On June 29, 2001, Bill 58, the Ambulance Services Collective Bargaining Act, 2001, came into force. The new law has its origins in the transfer on January 1 of this year of the responsibility for ambulance services from the province to municipalities.
The downloading expanded the number of ambulance employees covered by the Labour Relations Act, 1995, who enjoy an unfettered right to strike. Previously, many of these employees were covered by the Crown Employees Collective Bargaining Act, 1993 (CECBA), under which essential services agreements had to be in place before a strike or lockout.
ESSENTIAL SERVICES AGREEMENT
Bill 58 addresses this situation, stating that ambulance services maintained by municipalities and contractors must negotiate essential services agreements before a work stoppage. An essential services agreement must indicate the number of employees required to provide essential services, and state that the required number shall continue working during a work stoppage. Where the number of workers set out in the agreement is insufficient to cover periods of temporary emergencies, the employer is given the power to increase the number of workers required to work for a period of not more than 72 hours. Workers identified as having to provide essential ambulance services may also be required to perform their normal duties during a strike or lock out.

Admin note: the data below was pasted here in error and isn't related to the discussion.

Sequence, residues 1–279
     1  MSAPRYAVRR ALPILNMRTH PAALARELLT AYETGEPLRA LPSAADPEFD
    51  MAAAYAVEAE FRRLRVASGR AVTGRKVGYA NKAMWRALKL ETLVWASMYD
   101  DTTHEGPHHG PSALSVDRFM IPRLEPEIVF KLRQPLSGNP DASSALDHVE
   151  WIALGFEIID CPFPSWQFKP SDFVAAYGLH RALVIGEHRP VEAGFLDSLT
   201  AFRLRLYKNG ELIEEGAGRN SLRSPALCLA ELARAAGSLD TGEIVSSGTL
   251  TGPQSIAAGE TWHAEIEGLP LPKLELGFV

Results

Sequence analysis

DECLARATION OF NO MEANINGFUL RIGHT TO STRIKE OR LOCK OUT
The Act states that a party may apply to the Ontario Labour Relations Board for a declaration that the essential services agreement deprives it of a meaningful right to strike or lock out. The Board, in making this determination, is to consider only the number of persons identified in the agreement whose services the employer has used to enable the employer to provide essential services. In any case, the Board may not issue a declaration if at least 75 per cent of the employees in the bargaining unit retain the right to strike despite the essential services agreement.
Among the orders the Board can make when dealing with an application for a declaration is that the matters in dispute that relate to ambulance workers be submitted for binding arbitration. When the order is issued, any strike or lock out of ambulance workers must cease. The parties are to endeavour to jointly appoint an arbitrator, failing which either party may apply to the Minister or his or her delegate to appoint an arbitrator. In appointing an arbitrator, the Minister may appoint a person who is not recognized as mutually acceptable to both trade unions and employers.
The Act lists a number of factors to be considered by the arbitrator in settling the dispute, including the ability of the employer to pay, the extent to which services would have to be reduced in light of the decision, the economic situation of the province and municipality, and a comparison of the terms and conditions of employment of bargaining unit employees and those of comparable employees in the public and private sectors.
Bill 58 does not apply to ambulance services operated by 22 Ontario hospitals, whose employees are denied the right to strike under the Hospital Labour Disputes Arbitration Act. Ambulance dispatchers who work for the province and air ambulance paramedics will continue to be covered by the CECBA.